Location: Southwest Watershed ResearchTitle: Global estimation of evapotranspiration using a leaf area index-based surface energy and water balance model Author
|Scott, Russell - Russ|
Submitted to: Remote Sensing of Environment
Publication Type: Peer Reviewed Journal
Publication Acceptance Date: 6/2/2012
Publication Date: 9/1/2012
Citation: Yan, H., Wang, S., Billesbach, D., Oechel, W., Zhang, J., Meyes, T., Martin, T., Matamala, R., Baldocchi, D., Bohrer, G., Dragoni, D., Scott, R.L. 2012. Global estimation of evapotranspiration using a leaf area index-based surface energy and water balance model. Remote Sensing of Environment. 124:581-595. doi:10.1016/j.rse.2012.06.004. Interpretive Summary: Terrestrial evaporation, representing the movement of water from the land surface to the atmosphere, is a major component of the global hydrological cycle. With the advent of satellite monitoring and networks to measure evaporation, there is a need to development computer models that can be used in conjunction with these data to produce regional to global estimates of terrestrial evaporation. Accordingly, this work describes a promising new methodology to model evaporation. Comparison with site measurements confirms that the model can accurately model evaporation with small error. The model is then used to produce a new estimate of total global evaporation and yearly trends from 1984 to 1998, which compare favorably with previous estimates using differing methodologies. This model is the first of its kind to provide global land evaporation estimates that explicitly accounts for the water balance at a site.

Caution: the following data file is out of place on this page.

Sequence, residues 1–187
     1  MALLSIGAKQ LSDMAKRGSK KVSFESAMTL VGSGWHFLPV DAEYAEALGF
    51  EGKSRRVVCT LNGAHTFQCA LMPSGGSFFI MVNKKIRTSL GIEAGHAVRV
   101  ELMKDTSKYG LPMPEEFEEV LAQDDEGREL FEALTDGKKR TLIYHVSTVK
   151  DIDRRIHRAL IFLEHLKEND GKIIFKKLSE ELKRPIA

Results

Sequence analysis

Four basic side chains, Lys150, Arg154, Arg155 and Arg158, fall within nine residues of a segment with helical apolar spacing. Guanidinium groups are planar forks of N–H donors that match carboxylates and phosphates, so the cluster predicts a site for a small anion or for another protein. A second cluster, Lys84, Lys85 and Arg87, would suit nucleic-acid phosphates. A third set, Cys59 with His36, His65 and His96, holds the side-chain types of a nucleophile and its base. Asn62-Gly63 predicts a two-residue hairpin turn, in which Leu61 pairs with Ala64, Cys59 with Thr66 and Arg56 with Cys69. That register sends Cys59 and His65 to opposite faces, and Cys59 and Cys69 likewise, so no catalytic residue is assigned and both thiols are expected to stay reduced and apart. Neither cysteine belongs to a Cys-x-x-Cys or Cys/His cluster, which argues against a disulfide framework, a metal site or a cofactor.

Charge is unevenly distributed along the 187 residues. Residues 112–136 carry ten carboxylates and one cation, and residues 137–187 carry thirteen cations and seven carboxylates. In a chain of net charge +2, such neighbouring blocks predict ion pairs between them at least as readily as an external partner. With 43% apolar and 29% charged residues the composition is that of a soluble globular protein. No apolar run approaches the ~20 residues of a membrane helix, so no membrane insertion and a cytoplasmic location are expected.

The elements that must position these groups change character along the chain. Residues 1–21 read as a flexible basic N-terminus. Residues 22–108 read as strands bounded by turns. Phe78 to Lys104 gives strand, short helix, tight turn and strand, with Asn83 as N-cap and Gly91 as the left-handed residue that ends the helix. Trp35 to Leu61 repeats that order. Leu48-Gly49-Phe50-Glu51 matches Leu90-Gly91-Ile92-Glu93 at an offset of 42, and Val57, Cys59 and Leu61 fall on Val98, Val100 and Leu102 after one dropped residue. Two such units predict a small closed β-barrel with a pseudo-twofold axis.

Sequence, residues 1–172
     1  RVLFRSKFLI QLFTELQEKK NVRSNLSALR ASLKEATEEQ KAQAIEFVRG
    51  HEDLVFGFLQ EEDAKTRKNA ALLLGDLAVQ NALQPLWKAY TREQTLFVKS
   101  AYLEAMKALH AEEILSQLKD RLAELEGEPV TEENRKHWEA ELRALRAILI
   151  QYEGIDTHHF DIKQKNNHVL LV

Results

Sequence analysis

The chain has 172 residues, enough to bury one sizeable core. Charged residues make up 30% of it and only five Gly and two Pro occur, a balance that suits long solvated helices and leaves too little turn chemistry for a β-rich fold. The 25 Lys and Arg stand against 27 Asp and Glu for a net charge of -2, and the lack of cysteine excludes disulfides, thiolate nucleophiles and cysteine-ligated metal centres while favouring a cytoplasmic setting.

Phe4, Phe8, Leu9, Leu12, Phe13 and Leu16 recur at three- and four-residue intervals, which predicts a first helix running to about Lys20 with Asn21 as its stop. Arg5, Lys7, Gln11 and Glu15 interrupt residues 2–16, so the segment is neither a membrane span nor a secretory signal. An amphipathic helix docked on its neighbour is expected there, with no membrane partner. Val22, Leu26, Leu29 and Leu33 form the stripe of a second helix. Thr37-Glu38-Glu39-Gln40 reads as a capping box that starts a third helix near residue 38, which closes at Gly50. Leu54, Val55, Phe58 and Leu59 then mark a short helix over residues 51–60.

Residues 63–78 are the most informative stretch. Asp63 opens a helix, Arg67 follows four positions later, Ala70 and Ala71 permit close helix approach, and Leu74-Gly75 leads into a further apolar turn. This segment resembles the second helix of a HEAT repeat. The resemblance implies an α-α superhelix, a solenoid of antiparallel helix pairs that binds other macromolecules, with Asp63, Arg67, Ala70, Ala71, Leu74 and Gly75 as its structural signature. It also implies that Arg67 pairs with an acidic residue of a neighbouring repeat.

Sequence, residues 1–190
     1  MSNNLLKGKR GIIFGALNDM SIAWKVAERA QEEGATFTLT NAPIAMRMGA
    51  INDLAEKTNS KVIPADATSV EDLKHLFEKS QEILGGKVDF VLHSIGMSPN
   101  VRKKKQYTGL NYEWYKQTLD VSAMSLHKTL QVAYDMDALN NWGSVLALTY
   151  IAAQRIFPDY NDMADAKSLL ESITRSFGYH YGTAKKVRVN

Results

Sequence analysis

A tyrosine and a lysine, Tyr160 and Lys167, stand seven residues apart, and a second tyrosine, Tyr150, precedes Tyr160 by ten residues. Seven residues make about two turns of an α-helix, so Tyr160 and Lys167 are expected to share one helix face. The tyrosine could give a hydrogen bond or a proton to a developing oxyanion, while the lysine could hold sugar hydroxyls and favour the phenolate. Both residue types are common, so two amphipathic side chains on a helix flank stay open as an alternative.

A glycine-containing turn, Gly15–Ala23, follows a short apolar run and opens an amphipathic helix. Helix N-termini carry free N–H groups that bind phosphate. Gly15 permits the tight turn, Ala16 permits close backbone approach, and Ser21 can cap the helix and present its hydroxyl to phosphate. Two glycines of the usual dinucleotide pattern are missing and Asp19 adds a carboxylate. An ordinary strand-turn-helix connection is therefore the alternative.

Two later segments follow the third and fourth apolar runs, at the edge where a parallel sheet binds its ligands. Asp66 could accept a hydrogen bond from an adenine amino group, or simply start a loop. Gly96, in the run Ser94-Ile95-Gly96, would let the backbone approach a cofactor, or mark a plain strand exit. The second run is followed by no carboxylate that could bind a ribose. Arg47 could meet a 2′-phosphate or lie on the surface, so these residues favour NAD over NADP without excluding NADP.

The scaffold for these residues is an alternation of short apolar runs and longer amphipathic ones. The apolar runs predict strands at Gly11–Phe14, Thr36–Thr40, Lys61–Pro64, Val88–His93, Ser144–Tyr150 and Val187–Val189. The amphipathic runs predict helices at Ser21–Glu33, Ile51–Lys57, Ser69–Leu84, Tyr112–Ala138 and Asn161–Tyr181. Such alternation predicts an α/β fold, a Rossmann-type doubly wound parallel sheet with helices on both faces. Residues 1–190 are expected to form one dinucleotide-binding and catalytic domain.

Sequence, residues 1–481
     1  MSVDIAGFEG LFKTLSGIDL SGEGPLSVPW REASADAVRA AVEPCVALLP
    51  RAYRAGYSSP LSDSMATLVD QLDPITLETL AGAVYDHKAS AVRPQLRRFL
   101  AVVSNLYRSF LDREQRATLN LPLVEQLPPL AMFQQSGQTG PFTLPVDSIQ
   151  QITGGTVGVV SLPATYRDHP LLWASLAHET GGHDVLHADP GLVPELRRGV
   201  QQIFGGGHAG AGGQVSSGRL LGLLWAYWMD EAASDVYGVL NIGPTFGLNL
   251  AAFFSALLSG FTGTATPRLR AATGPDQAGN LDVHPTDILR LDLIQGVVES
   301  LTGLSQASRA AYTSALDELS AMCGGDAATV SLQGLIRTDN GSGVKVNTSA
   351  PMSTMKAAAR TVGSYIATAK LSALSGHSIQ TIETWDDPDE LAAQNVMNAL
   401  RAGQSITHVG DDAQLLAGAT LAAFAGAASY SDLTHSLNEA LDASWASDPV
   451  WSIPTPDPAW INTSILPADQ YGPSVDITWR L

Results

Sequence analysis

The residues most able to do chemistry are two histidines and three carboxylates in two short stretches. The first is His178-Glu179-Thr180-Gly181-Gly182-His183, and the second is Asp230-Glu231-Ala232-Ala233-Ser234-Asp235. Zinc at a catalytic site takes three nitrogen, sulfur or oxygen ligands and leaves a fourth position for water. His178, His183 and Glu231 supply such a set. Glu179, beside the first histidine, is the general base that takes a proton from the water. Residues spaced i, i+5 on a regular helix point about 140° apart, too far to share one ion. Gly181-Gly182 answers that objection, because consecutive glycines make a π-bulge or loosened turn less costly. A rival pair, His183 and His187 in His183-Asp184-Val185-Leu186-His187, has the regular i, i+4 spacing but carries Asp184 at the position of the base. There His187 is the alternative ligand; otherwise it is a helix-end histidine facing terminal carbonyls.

Technical Abstract: Studies of global hydrologic cycles, carbon cycles and climate change are greatly facilitated when global estimates of evapotranspiration (E) are available. We have developed an air-relative-humidity-based two-source (ARTS) E model that simulates the surface energy balance, soil water balance, and environmental constraints on E. It uses remotely sensed leaf area index (LAI) and surface meteorological data to estimate E by: 1) introducing a simple biophysical model for canopy conductance (Gc), defined as a constant maximum stomatal conductance gsmax of 12.2mm s-1 multiplied by air relative humidity (Rh) and LAI (Gc=gs max×Rh×LAI); 2) calculating canopy transpiration with the Gc-based Penman–Monteith (PM) E model; 3) calculating soil evaporation from an air relative-humidity-based model of evapotranspiration (Yan & Shugart, 2010); 4) calculating total E (E0) as the sum of the canopy transpiration and soil evaporation, assuming the absence of soil water stress; and 5) correcting E0 for soil water stress using a soil water balance model. This physiological ARTS E model requires no calibration. Evaluation against eddy covariance measurements at 19 flux sites, representing a wide variety of climate and vegetation types, indicates that daily estimated E had a root mean square error=0.77 mmd-1, bias=-0.14mm d-1, and coefficient of determination, R2=0.69. Global, monthly, 0.5°-gridded ARTS E simulations from 1984 to 1998,which were forced using Advanced Very High Resolution Radiometer LAI data, Climate Research Unit climate data, and surface radiation budget data, predicted a mean annual land E of 58.4×103 km3. This falls within the range (58×103–85×103 km3) estimated by the Second Global Soil Wetness Project (GSWP-2; Dirmeyer et al., 2006). The ARTS E spatial pattern agrees well with that of the global E estimated by GSWP-2. The global annual ARTS E increased by 15.5mm per decade from 1984 to 1998, comparable to an increase of 9.9 mm per decade from the model tree ensemble approach (Jung et al., 2010). These comparisons confirm the effectivity of the ARTS E model to simulate the spatial pattern and climate response of global E. This model is the first of its kind among remote-sensing-based PM E models to provide global land E estimation with consideration of the soil water balance.